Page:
WELCOME to our regular feature showcasing the talents of the nation’s best writers. This week, an extract from David McCallum’s Once A Crooked Man
Until he pulled open the door of the Starbucks at 50th and Lexington, Carter Allinson II had only experienced crushes on the fair sex in his early years and minor infatuations in his teens. Some of the latter had led to wild sexual exploits but Carter had never fallen deeply in love.
The line was mercifully short and he soon had his usual fix of a regular coffee with a double shot, along with a slice of lemon cake with white icing. He looked around for somewhere to sit, and that’s when the Fates took a hand in his future.
She was seated at a table in the far corner reading a book. In front of her was a small beaded purse and a mug with a Camomile tea label hanging out. On the far side was an empty chair. The only one in the whole place.
Carter threaded his way through the crowded room.
“May I?” he asked, and pointed at the chair.
“Of course,” she replied and moved her purse.
“Thanks. Busy here this morning.”
“Yes,” she said.
As he sat down she looked at his face for the first time.
Poets have tried to capture in words that rare and magical moment when eyes meet and lives are permanently changed. Some come close in both prose and verse. It is one of the world’s great tragedies that some people never experience it and possibly never will. The animal kingdom knows it well: bald eagles, beavers, wolves and vultures mate for life, just to name a few.
On the fourteenth of July 1998, Carter extended his hand and said simply, “Carter.”
“Fiona,” she replied, taking it and marveling at the intensity of his blue eyes.
For half an hour they sat in silence, but before parting company they exchanged the briefest of pleasantries and he invited her to have dinner with him. The whole encounter was so natural to both of them that there was no need for any beating around the bush or subterfuge. He had asked and she had accepted.
Over dinner she discovered that he had recently graduated from Vanderbilt and was now going on interviews. Most of these had been unsuccessful, not only as a result of the current state of the financial world but also because the young man with the deep blue eyes was not particularly well organized and definitely in need of feminine guidance.
Perhaps if she had known just how much guidance that would be she would have nodded politely, got up from the table, and walked out of his life. Instead she invited him to meet her father, who just happened to run a Wall Street investment firm.
On the following Friday evening in the paneled library of the family apartment Carter found himself before Charles Maitland Walker, Fiona’s father and the founder of the firm of Walker, Martin, Pomeranz and Fisher. In his hand he held the young man’s resume.
“I see you went to Deerfield. Great school. One of my partners went there. But that was back when it was all boys,” he said wryly.
“Yes sir, that was before my time.” Carter took slow deep breaths.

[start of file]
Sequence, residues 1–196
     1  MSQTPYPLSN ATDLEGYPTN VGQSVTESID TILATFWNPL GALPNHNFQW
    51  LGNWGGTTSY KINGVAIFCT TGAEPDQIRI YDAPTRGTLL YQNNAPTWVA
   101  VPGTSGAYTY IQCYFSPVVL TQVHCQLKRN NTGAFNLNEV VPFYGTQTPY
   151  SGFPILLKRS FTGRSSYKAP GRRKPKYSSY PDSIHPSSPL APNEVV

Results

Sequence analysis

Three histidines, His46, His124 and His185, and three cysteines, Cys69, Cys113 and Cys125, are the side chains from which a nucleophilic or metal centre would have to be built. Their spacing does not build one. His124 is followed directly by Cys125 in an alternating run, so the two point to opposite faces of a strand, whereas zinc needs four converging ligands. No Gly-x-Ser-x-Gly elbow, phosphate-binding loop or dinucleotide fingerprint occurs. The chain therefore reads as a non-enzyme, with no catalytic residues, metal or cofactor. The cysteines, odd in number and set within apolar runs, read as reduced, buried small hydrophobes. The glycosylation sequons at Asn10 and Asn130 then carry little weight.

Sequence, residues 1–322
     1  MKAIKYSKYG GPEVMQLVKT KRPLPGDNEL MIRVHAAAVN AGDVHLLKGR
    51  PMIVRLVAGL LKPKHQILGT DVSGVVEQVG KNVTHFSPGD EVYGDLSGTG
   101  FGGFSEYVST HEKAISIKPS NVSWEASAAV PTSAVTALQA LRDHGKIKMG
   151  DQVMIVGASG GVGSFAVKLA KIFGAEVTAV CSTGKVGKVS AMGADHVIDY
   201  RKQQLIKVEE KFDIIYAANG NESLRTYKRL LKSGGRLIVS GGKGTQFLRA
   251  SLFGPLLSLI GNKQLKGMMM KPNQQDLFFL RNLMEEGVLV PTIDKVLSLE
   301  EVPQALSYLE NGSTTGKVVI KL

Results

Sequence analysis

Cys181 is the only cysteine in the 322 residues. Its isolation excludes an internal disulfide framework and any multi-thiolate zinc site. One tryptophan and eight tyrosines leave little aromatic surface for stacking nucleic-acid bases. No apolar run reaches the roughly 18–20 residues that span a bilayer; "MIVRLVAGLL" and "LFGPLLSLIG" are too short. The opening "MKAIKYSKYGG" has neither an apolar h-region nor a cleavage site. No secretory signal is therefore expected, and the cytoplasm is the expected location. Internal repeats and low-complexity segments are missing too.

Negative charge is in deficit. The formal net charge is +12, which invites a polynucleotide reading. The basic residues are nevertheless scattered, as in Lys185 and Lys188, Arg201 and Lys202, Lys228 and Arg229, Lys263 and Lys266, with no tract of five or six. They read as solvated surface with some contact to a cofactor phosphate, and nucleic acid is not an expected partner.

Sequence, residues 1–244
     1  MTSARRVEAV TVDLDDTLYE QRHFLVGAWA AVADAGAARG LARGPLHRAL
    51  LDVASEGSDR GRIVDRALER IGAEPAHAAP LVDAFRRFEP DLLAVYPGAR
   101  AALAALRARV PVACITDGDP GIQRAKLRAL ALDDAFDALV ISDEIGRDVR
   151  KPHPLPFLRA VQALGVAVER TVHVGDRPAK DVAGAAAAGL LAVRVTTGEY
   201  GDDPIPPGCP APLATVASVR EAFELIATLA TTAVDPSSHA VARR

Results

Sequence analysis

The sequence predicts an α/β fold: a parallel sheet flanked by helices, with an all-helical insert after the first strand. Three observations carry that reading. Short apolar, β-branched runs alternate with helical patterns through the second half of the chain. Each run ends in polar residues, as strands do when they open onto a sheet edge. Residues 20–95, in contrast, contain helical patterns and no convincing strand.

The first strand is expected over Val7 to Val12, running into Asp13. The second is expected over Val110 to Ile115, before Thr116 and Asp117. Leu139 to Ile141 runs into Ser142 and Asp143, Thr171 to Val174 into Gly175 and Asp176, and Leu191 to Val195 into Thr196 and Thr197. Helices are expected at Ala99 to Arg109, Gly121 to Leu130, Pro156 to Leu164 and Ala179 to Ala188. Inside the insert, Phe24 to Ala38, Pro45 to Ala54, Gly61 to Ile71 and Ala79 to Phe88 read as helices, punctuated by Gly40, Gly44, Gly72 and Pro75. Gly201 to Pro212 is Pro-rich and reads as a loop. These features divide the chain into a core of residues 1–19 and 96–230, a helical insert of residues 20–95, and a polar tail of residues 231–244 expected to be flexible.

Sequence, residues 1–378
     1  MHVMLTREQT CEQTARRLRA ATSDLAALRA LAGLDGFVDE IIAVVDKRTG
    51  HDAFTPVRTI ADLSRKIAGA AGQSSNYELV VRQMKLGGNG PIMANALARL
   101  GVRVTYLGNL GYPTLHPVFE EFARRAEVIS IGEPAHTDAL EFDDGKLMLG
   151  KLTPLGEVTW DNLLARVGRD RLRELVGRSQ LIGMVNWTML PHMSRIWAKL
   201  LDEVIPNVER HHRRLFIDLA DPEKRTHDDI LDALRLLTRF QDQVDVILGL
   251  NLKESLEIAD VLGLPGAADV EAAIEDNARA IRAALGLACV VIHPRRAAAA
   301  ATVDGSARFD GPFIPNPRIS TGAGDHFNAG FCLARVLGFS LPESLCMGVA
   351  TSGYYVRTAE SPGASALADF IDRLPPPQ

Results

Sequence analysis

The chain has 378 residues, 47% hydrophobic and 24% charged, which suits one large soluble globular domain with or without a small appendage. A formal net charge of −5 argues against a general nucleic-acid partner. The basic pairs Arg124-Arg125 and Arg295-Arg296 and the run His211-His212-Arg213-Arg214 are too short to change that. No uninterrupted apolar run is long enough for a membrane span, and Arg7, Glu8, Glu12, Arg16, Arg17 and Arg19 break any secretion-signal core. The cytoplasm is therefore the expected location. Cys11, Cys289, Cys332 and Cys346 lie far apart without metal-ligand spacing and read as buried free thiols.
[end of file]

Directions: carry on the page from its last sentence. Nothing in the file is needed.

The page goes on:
“And then Vanderbilt, I see.” Charles Walker looked up. “Why did you head south?”
“I think it was the weather, sir. I had had enough of snow and cold.”
“And I see you did a stint over in the UK.”
“Yes sir, in England. Bristol University. I got to play a little rugby.”
“That must have been interesting. I saw a great game at Twickenham once. Fascinating. So simple by comparison to what we do here.”
Carter crossed fingers on both hands as he watched the pages turn.
“I get the impression from what I read here that you have all the necessary qualifications for this line of work, but lack the motivation. Apart from sports. It makes me wonder whether you are cut out for a career in finance. My daughter thinks otherwise.” He sat down on the sofa. “If you were in my shoes, what would you do?”
Carter took a deep breath and forced himself to relax before he answered. “It is true, sir, that my efforts in the past have been less than satisfactory, but can I assure you that need no longer apply if you put your faith in me. I shall work hard to learn the specifics of whatever you choose to give me. I can promise you enthusiasm, loyalty and a strong desire to succeed, both for my own future and more importantly to justify the trust that your daughter appears to have in me.”
Fiona and her mother rose up when the two men came out of the study. They spoke in unison: “Well?”
Charles Walker laughed aloud. “He starts tomorrow. In a very minor capacity I might add,” he said as he kissed his daughter on the cheek. “Then, as my mother used to say: ‘We shall see what we shall see.’”
Carter put his arm around Fiona. “Thanks,” he said. “I’m afraid I’m a little shell-shocked. This is all happening so fast.”
“Welcome to the Walker clan,” she replied. “Let’s have some wine and toast to your success!”
“Our success,” said Carter with a broad smile.
The next weeks were extremely hard for him. The pace of his life tripled as he learned the pleasures and pitfalls of investing other people’s money. But in six months he had proved his ability. As he was the constant companion to a partner’s daughter, he was given his own small office on a lower floor.
The young couple were inseparable and it came as no surprise when they married at the Church of the Heavenly Rest and honeymooned in the Swiss Alps. James was born the following year and Amanda fourteen months later.
No one in the family at any time had the slightest idea that Fiona’s new husband had a sizeable skeleton in his cupboard.
• This is an extract from Once a Crooked Man by David McCallum, who starred in the cult 1960s series, The Man From UNCLE, and now appears in NCIS. This is his first novel. Once a Crooked Man is published by Sandstone, £8.99